Ever since we came out of Africa, humans have carried myths to every corner of the globe. Cultural anthropologist Julien d’Huy traces their journey.
One myth, which d’Huy calls the Cosmic Hunt tells of a hunter who pursues an animal, which then turns into a constellation.
“As the Iroquois of the northeastern U.S. tell it, three hunters pursue a bear; the blood of the wounded animal colors the leaves of the autumnal forest. The bear then climbs a mountain and leaps into the sky. The hunters and the animal become the constellation Ursa Major. Among the Chukchi, a Siberian people, the constellation Orion is a hunter who pursues a reindeer, Cassiopeia. Among the Finno-Ugric tribes of Siberia, the pursued animal is an elk and takes the form of Ursa Major (Scientific American, December, 2016).”
Early humans from Asia carried the myth of the Cosmic Hunt across the Bering Strait to North America 28,000 and 13,000 years ago.
In turn, Asians got the myth from Europeans. In the cave paintings of Lascaux, France, a bison appears to be rising into the heavens. Black stains on the ground under the bison suggest the bloodstained autumn leaves of the hunted animal.
From Europe, the Cosmic Hunt traces back to Africa. While the story line is the same, the animal changes. In some parts of Africa it is a camel; in other parts a zebra, pig, or ungulate.
In another, the Polyphemus myth, a man gets trapped in a monster’s cave and escapes by hiding among the monster’s herd of animals.
In Homer’s Odyssey, the monster of the Polyphemus myth is one-eyed. Odysseus and his men are trapped in a cave by the monster and escape by clinging to the underbellies of the monster’s sheep which the monster has let out of the cave to graze.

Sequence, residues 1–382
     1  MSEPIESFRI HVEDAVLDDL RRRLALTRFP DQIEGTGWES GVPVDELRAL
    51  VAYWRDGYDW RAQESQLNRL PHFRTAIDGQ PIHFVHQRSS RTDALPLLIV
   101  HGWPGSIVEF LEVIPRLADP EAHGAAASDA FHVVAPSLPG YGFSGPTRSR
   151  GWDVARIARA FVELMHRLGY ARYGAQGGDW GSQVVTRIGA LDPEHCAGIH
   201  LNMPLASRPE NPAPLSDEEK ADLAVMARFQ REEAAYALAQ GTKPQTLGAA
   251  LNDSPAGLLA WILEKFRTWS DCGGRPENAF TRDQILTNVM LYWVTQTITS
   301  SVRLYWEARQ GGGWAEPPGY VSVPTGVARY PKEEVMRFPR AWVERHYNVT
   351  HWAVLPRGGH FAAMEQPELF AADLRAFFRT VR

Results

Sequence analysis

The Polyphemus myth even traces the transition of humans to an agricultural way of life. Hunter-gatherers of Europe told the Polyphemus myth as a one-eyed dwarf monster, the master of beasts on a mountain. After the ice age pushed humans into the Mediterranean 21,000 years ago, the one-eyed monster now lives in a shelter rather than in the wild.
In another French cave, the Polyphemus myth looks like humans are escaping the monster by hiding the anus of a bison rather than clinging to its underbelly. This is a similar version of the myth as told by some North American indigenous people.
I can’t help but wonder what myths survived from my indigenous European ancestors. Perhaps it’s this:
In the Greek telling of yet another cultural myth, Pygmalion makes an ivory statue of a woman and dresses her in fancy clothes and jewellery. After praying at the temple of the goddess of love, Aphrodite, he returns home to find that his ideal mate has been brought to life.
On CBC Radio’s Spark, Matt McMullen explained how his company is making hyper-realistic, anatomically-correct, poseable silicone sex dolls. Sexy robots have been turning up in our pop-culture, from Ex-Machina to Blade Runner, The Stepford Wives, and the HBO series Westworld.
The myth of an ideal mate, crafted to specification by men and made possible by technology, persists.